The most important feature of Industry 5.0, he believes, is waste prevention and investing more in industrial upscaling. No matter what industry, “everyone is wasting”, and that means everyone can prevent waste from happening, and thus benefit from green/social transformation.
Here, impact investment means not only pioneering innovations like Australian inventor Robert Tonks’ flameless biochar production technology, but also better capitalising on existing, scalable technologies and markets. He offers as further illustration one of the oldest steel producers in Czechia, Trinecke Zelezarny, which started a new venture implementing Industry 5.0 principles throughout the entire supply chain and generated over €100m in savings.
To some industry watchers like Amir Adel, the so-called “smart social factory” of the future goes beyond manufacturing goods for profit (see PubMed Central). Industry 5.0 is seen as heralding a sustainable and resilient post-COVID world where innovators/entrepreneurs can achieve competitive advantage even as green regulations tighten up under the EU’s ‘Fit-for-55’ drive, the climate law which makes reaching the EU’s climate goal of reducing EU emissions by at least 55% by 2030 a legal obligation.
The EU itself is betting big on innovation driving what it calls a “twin digital and green” transformation of industries and economies. It is co-investing €1.15bn in public-private partnerships (PPP) to develop advanced manufacturing solutions for the Factory of the Future.
A number of collaborative robots and mechatronics are coming through the PPP pipeline, according to the European Factories of the Future Research Association. For example, the Sharework initiative shows how human-robot collaboration handles repetitive, dangerous, and physically onerous tasks while reducing health and safety risks, and improving worker satisfaction.
For Sharework’s coordinator, Simona Neri of Eurecat Technology Centre in Catalonia, collaborative robotics are more than industrial tools. They empower workers and boost European industry by opening up shop floors to much greater “gender and diversity inclusion”.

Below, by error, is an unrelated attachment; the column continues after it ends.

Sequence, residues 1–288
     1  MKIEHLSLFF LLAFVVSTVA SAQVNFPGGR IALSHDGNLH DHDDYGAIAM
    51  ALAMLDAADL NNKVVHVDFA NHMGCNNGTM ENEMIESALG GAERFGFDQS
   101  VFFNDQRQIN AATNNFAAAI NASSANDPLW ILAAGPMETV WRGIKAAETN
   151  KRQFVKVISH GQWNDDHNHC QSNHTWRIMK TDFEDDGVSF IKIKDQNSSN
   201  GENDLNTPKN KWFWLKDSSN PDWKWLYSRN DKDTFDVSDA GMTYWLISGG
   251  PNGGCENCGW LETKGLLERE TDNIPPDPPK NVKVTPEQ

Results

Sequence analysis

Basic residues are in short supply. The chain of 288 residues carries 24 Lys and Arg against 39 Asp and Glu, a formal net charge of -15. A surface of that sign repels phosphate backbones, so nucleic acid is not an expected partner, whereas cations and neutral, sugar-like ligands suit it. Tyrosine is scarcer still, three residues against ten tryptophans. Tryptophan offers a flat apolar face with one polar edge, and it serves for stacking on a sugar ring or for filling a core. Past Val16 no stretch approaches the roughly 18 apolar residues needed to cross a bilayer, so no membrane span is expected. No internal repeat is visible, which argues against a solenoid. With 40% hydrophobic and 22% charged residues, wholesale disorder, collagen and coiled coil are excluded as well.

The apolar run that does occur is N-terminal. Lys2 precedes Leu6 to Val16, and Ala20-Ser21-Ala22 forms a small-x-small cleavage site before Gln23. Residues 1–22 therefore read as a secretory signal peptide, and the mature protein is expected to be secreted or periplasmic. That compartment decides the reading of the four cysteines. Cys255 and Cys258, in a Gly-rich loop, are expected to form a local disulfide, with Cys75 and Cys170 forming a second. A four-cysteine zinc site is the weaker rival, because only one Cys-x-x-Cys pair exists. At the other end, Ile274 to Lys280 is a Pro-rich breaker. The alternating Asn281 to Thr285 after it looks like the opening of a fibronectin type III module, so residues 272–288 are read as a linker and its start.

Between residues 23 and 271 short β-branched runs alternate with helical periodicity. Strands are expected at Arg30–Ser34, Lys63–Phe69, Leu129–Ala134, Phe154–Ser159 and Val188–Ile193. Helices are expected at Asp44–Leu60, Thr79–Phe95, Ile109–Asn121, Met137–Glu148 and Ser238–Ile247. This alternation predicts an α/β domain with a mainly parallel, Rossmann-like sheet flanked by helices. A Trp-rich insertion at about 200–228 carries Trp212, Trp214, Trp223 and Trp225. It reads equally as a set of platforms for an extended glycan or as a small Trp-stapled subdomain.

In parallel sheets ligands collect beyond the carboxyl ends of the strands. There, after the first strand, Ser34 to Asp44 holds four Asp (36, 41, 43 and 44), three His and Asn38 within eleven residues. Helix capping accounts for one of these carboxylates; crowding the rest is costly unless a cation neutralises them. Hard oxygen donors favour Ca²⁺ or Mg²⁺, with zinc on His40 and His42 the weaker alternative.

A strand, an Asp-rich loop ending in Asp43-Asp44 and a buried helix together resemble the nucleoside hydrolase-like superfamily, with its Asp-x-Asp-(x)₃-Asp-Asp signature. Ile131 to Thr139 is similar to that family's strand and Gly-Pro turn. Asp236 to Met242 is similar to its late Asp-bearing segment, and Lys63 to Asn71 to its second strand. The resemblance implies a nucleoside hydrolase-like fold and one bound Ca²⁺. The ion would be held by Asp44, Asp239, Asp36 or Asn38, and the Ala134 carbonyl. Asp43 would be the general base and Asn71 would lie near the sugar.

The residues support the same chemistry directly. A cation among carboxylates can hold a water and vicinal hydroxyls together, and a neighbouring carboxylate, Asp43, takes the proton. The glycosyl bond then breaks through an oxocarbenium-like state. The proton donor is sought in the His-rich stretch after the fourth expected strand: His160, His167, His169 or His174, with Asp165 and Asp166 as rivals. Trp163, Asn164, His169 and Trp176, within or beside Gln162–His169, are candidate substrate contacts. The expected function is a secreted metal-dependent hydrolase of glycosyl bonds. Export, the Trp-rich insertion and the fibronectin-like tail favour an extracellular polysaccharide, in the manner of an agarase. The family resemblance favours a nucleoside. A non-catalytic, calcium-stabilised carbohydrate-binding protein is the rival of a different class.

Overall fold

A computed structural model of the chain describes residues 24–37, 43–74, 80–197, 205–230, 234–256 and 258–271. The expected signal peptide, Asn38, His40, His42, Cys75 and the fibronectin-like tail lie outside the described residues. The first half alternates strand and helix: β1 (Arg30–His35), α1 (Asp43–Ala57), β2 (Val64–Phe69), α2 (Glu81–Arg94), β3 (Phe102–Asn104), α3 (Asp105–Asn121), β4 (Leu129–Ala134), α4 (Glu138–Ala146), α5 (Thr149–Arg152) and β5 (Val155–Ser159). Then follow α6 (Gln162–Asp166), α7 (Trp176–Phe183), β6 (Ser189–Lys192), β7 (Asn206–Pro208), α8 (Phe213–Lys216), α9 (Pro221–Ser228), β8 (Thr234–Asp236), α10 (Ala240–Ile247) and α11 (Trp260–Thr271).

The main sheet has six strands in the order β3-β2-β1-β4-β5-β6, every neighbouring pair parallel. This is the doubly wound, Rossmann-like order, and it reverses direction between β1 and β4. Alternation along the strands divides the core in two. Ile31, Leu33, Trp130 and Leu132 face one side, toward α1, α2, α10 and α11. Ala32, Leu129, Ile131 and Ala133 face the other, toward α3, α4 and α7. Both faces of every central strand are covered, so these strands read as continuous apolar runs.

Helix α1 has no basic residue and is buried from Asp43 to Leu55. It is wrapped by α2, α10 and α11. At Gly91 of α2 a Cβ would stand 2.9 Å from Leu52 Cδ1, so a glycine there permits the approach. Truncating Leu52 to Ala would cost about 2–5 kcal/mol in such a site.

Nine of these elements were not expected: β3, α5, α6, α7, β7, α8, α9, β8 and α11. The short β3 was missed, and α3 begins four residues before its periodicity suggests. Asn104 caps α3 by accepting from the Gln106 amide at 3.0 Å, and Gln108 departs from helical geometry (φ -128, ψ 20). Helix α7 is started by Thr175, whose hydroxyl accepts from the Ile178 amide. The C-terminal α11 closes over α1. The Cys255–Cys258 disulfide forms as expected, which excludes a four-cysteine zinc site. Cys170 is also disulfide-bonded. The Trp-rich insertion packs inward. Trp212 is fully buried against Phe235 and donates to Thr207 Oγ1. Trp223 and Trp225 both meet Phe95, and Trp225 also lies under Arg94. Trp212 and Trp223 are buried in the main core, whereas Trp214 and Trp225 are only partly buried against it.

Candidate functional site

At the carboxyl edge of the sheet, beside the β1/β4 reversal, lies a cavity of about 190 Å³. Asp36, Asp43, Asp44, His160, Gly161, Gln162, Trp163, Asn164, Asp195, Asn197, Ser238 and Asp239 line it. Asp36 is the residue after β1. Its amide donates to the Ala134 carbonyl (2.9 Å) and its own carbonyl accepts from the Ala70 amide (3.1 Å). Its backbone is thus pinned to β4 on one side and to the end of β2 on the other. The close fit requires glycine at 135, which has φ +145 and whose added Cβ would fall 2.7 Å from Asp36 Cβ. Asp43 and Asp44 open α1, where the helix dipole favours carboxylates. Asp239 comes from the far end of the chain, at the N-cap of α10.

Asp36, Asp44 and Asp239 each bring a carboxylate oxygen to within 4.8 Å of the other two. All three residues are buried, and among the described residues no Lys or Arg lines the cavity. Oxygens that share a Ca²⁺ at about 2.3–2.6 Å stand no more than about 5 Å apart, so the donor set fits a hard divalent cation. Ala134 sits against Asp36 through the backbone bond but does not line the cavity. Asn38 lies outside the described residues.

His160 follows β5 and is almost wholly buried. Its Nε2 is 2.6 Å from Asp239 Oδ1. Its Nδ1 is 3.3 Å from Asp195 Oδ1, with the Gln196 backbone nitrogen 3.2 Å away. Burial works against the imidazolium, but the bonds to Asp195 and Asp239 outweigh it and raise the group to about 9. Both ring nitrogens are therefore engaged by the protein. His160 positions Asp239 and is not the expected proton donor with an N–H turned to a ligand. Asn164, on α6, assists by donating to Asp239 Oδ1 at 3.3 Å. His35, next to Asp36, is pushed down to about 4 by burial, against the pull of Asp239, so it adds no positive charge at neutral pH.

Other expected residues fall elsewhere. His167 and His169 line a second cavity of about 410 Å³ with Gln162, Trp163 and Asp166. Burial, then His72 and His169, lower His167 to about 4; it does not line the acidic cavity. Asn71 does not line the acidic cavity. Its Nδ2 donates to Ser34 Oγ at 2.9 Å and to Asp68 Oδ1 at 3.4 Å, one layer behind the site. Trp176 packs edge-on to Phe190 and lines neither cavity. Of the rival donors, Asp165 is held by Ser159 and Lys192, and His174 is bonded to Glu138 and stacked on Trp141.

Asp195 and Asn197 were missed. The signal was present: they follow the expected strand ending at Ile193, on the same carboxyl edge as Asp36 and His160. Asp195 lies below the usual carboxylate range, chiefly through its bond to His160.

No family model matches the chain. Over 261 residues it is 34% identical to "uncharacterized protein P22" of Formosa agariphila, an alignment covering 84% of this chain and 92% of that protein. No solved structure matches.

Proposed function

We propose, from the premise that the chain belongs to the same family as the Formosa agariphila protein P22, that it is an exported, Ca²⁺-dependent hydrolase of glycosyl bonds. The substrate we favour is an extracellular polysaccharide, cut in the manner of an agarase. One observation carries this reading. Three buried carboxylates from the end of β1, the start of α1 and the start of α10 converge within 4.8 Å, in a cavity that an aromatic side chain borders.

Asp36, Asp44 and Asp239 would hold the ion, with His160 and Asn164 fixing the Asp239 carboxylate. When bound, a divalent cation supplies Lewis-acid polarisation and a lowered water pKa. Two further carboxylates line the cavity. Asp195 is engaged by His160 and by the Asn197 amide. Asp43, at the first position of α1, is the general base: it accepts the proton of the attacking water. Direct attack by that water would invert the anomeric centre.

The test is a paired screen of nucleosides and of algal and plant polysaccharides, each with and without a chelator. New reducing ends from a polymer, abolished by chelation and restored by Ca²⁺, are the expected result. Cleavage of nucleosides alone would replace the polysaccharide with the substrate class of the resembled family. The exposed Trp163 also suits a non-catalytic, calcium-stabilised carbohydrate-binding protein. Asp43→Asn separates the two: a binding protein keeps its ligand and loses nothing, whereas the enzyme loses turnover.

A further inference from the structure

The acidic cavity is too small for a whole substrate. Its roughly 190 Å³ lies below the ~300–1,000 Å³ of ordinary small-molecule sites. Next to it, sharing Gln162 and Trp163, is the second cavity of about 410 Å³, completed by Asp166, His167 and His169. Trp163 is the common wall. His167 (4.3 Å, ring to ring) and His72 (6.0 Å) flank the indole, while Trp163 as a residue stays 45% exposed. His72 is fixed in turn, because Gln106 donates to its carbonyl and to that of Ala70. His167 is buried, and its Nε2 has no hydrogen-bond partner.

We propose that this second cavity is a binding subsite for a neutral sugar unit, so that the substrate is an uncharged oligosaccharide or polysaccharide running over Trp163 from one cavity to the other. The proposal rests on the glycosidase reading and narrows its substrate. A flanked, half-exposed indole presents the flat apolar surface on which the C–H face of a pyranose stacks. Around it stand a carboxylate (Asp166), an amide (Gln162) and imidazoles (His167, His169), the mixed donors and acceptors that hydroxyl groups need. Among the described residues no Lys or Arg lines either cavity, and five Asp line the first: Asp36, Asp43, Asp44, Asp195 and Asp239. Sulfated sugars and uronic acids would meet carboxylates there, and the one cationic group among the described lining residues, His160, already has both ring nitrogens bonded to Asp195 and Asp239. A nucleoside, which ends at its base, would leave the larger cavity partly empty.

Considerations for impact investors
Industry 5.0’s progress depends on more than financial support. Today, it is hampered by a lack of vision on how it can be applied, a shortage of skilled workers capable of implementing especially the human-machine side of the equation, and the research and investment that underpins any transformation.
Any new solutions also need to take into account safety, security and privacy issues, as well as the industrial regulations concerning smart machines, artificial intelligence, and other digital developments and regulations driving Industry 5.0.
Before rushing into the sector, impact investors should also be sure the company or solution they wish to back is not misrepresenting its Industry 5.0 credentials. Such fakery, Rada argues, undermines progress, which is why he set up a strategic alliance of practitioners with expertise to discuss the validity of the claims being made.
As an industrial upscaling and waste-prevention pioneer, Rada still thinks the strongest and perhaps fastest returns come from investing in improved production, trade (including e-trade), but also the politics of change.
Collaborative robots and technologies are “just tools” in the end, he stresses. Sometimes the biggest hurdle to tangible impact is mental, combined with a lack of urgency to make today’s production and processes more efficient. “Time is the omnipresent waste with a big difference… not a single second wasted can be recovered!”